Behind Sandra is the main Unicorn Books booth complex, specifically the book-signing area. Unicorn, a major industry distributor (run by folks I've known for decades), sponsored the Visionary Authors' booth, which was great for everyone. That meant that we simply educated people about the books and then they placed their orders with Unicorn. It was a great collaboration.
Signings. . . . As at BookExpo (the trade show that serves similar purposes for the book industry), there were book signings. The ones that took place in the Unicorn area are very well established and run like clockwork. There are a certain number of books available. An hour before each signing, tickets become available. Shop owners who want a signed book line up to get a ticket. When the tickets are gone, all the books are committed. Ticket-holders return at the appropriate time and stand in line to meet the author and get the signed book.
JC Briar signed her new Charts Made Simple, about which I also have a post-in-process. Simply put, it's the book on charts for knitting that has been needed for a long time.
(JC is wearing her Swirl, a beautiful and classic combination of grays. Margaret Fisher was assisting, although she was outside the frame of this photo.)
Sandra signed knit, Swirl. Her husband, Bill, helped out. It is hugely useful at a large signing to have someone opening and handing the books to the author. There is also, out of sight, someone from Unicorn helping organize the line of people with tickets.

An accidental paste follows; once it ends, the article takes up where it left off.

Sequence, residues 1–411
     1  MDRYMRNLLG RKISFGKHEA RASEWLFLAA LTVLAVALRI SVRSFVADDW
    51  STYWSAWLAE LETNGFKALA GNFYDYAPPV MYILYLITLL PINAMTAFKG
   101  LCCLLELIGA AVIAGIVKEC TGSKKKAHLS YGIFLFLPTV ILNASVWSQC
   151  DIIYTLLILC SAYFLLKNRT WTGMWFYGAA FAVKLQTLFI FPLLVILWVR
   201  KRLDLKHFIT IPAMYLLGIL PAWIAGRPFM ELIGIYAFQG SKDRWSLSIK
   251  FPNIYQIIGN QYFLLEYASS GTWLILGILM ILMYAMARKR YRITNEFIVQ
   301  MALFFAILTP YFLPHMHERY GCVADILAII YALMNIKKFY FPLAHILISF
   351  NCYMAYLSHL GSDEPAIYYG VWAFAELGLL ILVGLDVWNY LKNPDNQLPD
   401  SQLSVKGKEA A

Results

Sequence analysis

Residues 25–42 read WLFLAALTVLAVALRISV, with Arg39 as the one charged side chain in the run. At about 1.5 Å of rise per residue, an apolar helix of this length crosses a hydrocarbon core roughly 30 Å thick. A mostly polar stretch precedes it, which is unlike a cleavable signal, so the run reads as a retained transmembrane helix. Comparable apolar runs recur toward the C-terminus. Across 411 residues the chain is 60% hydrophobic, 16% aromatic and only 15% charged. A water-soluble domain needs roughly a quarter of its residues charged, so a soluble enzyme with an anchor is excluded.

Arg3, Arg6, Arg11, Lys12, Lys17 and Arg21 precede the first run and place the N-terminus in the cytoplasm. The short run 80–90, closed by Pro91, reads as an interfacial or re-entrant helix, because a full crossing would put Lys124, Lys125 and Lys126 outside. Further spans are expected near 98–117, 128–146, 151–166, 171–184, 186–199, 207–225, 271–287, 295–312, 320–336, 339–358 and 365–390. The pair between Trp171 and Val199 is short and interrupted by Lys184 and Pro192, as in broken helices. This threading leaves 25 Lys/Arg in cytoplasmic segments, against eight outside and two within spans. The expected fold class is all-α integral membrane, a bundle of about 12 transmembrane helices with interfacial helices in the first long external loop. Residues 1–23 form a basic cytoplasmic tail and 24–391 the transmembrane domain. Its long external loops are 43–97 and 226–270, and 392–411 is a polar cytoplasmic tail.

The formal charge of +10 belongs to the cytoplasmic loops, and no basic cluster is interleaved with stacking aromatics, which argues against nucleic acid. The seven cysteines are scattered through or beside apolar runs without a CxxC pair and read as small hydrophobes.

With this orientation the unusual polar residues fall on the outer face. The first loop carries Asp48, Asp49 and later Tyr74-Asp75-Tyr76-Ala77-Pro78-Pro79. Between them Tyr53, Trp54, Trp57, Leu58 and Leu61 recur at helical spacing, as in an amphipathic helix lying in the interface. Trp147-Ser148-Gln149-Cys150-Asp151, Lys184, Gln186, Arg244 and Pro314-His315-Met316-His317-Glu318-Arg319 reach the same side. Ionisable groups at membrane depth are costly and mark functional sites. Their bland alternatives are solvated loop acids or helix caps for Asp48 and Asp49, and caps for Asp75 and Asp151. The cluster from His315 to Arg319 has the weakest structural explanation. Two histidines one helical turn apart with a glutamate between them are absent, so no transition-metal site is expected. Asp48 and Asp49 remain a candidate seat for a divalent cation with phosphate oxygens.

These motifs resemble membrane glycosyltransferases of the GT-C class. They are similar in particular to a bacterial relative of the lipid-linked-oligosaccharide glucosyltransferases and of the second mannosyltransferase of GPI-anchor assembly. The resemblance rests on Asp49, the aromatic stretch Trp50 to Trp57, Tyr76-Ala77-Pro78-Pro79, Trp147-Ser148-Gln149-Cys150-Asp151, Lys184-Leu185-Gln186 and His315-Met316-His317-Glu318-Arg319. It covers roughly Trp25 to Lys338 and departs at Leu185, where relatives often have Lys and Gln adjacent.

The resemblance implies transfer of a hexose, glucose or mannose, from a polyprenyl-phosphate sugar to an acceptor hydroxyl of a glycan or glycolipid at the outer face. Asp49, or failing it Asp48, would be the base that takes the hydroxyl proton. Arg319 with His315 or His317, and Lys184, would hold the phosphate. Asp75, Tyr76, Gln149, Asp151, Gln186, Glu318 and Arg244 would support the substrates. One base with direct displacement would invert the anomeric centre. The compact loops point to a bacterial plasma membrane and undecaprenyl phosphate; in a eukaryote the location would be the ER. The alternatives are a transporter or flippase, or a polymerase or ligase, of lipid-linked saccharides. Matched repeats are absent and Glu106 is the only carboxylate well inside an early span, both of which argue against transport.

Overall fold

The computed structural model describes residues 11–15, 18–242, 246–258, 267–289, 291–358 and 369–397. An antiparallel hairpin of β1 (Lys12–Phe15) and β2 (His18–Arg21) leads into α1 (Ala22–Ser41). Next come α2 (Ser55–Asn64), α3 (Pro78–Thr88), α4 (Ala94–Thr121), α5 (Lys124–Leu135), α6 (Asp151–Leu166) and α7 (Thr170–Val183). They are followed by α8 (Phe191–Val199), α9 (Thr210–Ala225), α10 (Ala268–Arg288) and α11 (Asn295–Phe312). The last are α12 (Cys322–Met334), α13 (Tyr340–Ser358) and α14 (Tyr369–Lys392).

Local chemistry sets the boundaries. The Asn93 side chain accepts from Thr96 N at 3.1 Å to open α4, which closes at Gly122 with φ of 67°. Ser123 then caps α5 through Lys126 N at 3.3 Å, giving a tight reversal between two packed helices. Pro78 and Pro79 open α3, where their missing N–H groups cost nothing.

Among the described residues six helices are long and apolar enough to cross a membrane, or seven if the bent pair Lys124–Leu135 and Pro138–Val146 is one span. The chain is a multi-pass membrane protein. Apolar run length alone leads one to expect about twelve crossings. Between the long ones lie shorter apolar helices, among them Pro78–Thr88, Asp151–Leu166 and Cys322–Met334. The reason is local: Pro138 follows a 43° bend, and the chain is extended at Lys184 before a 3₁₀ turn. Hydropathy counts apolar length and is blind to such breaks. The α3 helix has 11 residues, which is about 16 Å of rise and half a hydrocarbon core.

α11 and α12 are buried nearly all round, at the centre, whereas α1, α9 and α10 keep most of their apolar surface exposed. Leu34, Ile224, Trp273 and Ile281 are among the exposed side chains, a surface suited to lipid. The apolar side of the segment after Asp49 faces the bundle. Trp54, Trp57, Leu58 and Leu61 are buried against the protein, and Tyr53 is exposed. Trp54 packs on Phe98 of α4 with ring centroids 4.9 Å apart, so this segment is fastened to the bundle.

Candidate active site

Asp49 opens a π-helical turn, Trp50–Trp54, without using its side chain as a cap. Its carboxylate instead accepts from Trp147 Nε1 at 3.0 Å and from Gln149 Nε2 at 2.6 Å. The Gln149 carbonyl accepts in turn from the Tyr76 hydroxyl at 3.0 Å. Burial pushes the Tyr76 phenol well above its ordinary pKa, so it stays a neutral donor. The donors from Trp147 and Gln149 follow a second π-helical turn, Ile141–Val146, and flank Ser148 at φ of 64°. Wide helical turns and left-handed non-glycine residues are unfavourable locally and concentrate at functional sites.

And I signed The Fleece and Fiber Sourcebook.
I'm wearing my Swirl, in blues and greens, that there will be much better views of in another post. Alee Marsh from Storey Publishing helped me out enormously.
Carol Ekarius and I will both be signing the book this Saturday, June 18, 2011, at Shuttles, Spindles and Skeins in Boulder, Colorado. Because of logistics, we aren't doing many signings, so this is worth remarking on.
For me, TNNA was about the people, and I had a lot of great conversations. I wish I'd been able to attend in previous years, and I'm very happy I was able to be there this time.
There was so much to do at the event that I only got to Jeni's Ice Creams twice. Yes, it's as good as people say it is. Finding lunch and dinner in the convention area was easy. (Check out Knead if you're in the area! It's on North High Street, directly across the street from the Greater Columbus Convention Center.) Finding breakfast was very challenging, and I'm a breakfast person. There wasn't even a grocery or convenience store within walking distance. There was great coffee and chai, but for some of us that doesn't constitute breakfast. On Saturday morning, I had Jeni's strawberry buttermilk ice cream for breakfast, after I gave up my hunt for orange juice and for milk to put on the cereal I'd even brought with me in my suitcase (this was the first time I've failed to find o.j. and milk readily available when traveling). I figured the ice cream at least contained some protein. It was delicious.
Then, shortly before the end of the three-day show, I took a break and walked over to North Market for a second flavor that I'd had my eye on: rhubarb lime cardamom. It was divine.
I'll have to go back another time to try the extra-dark chocolate.